Some travel agents still face a battle to keep their businesses afloat in the first quarter of 2021, according to the chief executive of The Travel Network Group.

Urging the industry to keep making its case to government for sector-specific support, Gary Lewis told a Travel Weekly webcast that the consortium was continuing to advise members who had already explored every avenue to survive the pandemic.

The Travel Network Group is a member of the Save Future Travel lobbying group, which also includes Abta, Aito and a number of other industry associations and consortia.

Lewis said: “[Members] are all absolutely clear on the grants, the loans, the furloughs and all that stuff. Those opportunities have been understood fully and exploited and taken up, so nobody’s missing out on that.

“But of course, there will be people that will not be able to get through January, February, March and April in the long run.”

He added: “Of course I fear [for some of them]. And I know, because I talk to members every single day, where they’re under that stress or strain of cash, and they’re having those conversations with the finance function and with our research people to help them through that.”

Asked if the latest travel restrictions and bans would strengthen the travel industry’s case to government for special support, Lewis said: “This has to add another layer of pressure onto government, when we are the number one affected industry, in the list of all industries that have been hugely adversely affected.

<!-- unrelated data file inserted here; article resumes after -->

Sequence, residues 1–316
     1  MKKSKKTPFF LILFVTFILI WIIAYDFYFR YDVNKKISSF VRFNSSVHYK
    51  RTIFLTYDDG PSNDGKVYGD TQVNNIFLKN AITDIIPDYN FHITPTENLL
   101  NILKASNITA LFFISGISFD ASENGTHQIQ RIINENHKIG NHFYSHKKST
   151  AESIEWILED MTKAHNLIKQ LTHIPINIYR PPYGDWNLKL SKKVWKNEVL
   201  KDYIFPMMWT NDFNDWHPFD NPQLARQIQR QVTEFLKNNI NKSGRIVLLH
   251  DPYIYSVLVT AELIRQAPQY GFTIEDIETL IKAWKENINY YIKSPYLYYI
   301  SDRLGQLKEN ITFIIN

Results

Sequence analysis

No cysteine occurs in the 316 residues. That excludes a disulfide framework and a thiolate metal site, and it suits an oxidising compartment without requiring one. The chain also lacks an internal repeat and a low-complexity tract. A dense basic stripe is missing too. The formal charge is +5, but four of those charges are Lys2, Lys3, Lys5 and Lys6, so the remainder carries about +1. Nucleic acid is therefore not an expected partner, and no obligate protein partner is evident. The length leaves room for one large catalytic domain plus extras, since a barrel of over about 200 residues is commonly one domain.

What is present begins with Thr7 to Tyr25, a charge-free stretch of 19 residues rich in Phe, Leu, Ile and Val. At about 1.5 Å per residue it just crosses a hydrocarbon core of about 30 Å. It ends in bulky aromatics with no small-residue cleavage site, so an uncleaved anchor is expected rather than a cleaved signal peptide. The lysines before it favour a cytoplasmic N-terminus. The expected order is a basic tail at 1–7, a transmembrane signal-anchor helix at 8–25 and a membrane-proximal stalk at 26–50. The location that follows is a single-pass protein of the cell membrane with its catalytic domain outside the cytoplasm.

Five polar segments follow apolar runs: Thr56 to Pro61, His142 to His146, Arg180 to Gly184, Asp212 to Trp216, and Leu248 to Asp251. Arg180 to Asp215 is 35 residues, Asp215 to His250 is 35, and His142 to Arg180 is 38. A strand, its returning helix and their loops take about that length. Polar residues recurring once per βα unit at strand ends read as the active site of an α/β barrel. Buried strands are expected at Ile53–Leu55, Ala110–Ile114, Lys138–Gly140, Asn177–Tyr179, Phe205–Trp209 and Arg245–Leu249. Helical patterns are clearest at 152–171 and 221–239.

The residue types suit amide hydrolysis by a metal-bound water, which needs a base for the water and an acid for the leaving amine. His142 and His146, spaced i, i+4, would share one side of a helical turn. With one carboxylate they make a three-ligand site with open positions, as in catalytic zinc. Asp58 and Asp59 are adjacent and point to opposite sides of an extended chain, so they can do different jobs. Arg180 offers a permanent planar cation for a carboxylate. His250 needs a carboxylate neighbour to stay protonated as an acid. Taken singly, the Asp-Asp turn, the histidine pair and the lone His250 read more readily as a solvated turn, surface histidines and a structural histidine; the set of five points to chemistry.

“We have been heard [by government]; they’re just not responding to what we’re saying. So we should keep shouting that. Will they do anything about it? I really struggle to get why the government haven’t done it. We are trying to shame them, by demonstrating what other countries have done.

“We fundamentally have been heard and we’ve been understood; they just don’t prioritise us in the importance of the other things that they are trying to get to. But we should still keep going and keep shouting. This latest development will, of course, help in that noise.”

Lewis said the looming Brexit transition was an “important” concern for members, but not critical compared to the Covid crisis.

“We ask our members to prioritise what’s critical, urgent and important – and Brexit is important,” he said. “But when you’ve got critical and urgent things you’re doing on a daily basis, the you just might not be getting to the ‘important’ stuff.

“We have consistently carried on the conversation with our members about Brexit. We’ve updated them on all the things that they need to think about. But the truth? I believe Brexit is an opportunity.

“If complexity is added into the sales process, then for members who are frontline agents, it gives some more value on why a consumer would come to you. Brexit is going to dampen and slow down demand, so overall it is not a good thing. But in some ways, it could be an opportunity.”

He added: “There are clear challenges specifically for our niche tour operator members around Toms (Tour Operators Margin Scheme) and about contracting overseas, so updating members on that is important.

“But the fact is, if nobody’s traveling for the next six, eight, 10 weeks, and you’re trying to keep yourself alive from cash, then it’s important but not critical.”